Saturday, May 12, 2007

The Luxury of Time

by Brian Mullen

This week I had a business trip that required me to be in Cincinnati for a few hours. From my home to the location was five hours and I travelled there and back in the same day. That gave me 10 hours total driving time. I used the opportunity to listen to a new audiobook.

I don't want to name the author or the title but let me say the novel was a recent thriller and the author has several times topped the New York Times Bestseller List. The book I read was the author's 14th book and all of them were written within 12 consecutive years.

Let me also say that as I endeavor to start my own writing career, I have been reading many books on how to write or how not to write. These books routinely list the do's and don'ts of professional writing.

So you can imagine how I felt as I listened to the book and heard virtually every "don't" these books had to offer. From characters who are walking cliches to an overabundance of adverbs to unrealistic dialogue to inaccurate factual data to forced plot points, this book had it all. Every "don't" in the book was well represented. And yet it was published and was, by all accounts, highly successful.

Undoubtedly the fact that this author had previous best sellers helped pave the way for books like this one that are less than stellar to go through the publishing process. Having books meet the arbitrary annual deadlines seems to outweigh the story getting a necessary rewrite in order to produce a high quality product. And that's really a shame. While I understand the monetary aspects of the writing world and acknowledge that, when all is said and done, it's a business like any other, there's something profoundly sad about stories that don't really need to be told getting the spotlight while those more deserving sit in stacks on prospective publishers' desks.

In a way, it's almost self-defeating. When you get talented writers to start cranking out novels without the necessary time investment it takes to make the novels great, the quality of the stories deteriorates. As they deteriorate, the author loses fans. As the author loses fans, the publishing companies lose money. You'd think they'd be more willing, therefore, to give the authors a little more time to ensure a consistently higher quality of product than force their people into mediocrity.

But the forced mediocrity of today's star writers only serves to help usher in new authors. With luck and persistence, maybe some of us will get that redirected spotlight. If only we can take the time to ensure our stories are worthy and our writing does those stories justice - especially now, before we get contracts, while we still have the luxury of time.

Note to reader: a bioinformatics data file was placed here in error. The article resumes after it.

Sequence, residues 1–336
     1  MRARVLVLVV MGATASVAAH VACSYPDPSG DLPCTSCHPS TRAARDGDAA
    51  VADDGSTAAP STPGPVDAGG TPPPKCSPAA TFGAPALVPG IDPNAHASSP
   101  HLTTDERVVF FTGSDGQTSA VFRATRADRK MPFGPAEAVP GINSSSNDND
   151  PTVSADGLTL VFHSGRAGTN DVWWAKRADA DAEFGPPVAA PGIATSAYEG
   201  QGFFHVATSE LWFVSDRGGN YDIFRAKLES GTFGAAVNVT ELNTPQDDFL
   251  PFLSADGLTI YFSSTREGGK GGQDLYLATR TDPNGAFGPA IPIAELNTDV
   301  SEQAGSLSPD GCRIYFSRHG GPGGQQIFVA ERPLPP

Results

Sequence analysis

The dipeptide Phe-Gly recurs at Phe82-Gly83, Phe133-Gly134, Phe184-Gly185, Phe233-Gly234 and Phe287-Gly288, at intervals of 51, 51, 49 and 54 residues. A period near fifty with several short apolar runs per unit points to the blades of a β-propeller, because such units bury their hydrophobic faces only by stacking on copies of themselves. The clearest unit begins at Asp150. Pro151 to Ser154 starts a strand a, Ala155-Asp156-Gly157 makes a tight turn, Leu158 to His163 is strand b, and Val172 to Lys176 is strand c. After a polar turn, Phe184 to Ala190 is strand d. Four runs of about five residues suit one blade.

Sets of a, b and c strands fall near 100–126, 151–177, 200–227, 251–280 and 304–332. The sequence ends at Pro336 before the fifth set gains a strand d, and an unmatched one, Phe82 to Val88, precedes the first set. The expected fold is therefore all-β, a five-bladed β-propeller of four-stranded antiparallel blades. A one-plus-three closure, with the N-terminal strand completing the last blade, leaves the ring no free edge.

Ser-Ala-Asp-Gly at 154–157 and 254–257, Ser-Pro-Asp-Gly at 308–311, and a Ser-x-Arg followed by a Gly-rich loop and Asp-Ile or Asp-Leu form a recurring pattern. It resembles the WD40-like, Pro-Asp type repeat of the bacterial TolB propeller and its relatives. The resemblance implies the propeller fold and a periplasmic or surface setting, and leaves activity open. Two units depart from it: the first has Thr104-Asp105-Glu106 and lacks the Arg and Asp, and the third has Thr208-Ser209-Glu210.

Anonymous said...

I, too, feel sad when a potentially great story is not given the proper time to nurture and grow. We'd think it ridiculous with plants: Go, lilac, bloom now! But with people and writing, we seem to feel it's OK.

Joyce Tremel said...

Try not to let it discourage you, Brian. True talent eventually wins out.

Susan Helene Gottfried said...

Oh, Brian, I'm with you.

Too many aspects of the entertainment industry are like this anymore. It's like the only entertainment we're supposed to get from rushed books, music, and movies is the entertainment of watching the publisher/record label/movie studio get richer.

The best way to fight back is to be more discriminating. I've found some amazing books (and music) because I refused to follow the trends.

Anonymous said...

One way to look at this is to ask yourself what exactly was it about the bad book that obviously appealed to 1.) the publisher and 2.) zillions of readers who bought it. Despite shortcomings (that are often more obvious to other writers than to the average reader) there are definitely reasons why bad books continue to have wide appeal. Story elements? Author name recognition? What's the experience readers receive on every page? Drama? Angst? Thrills? Titllation? The detail of a character's life?

I dunno, but the more I turn off my own emotions about books, the less I enjoy them as a reader---but the smarter I get as a writer. Trade-off? Yeah.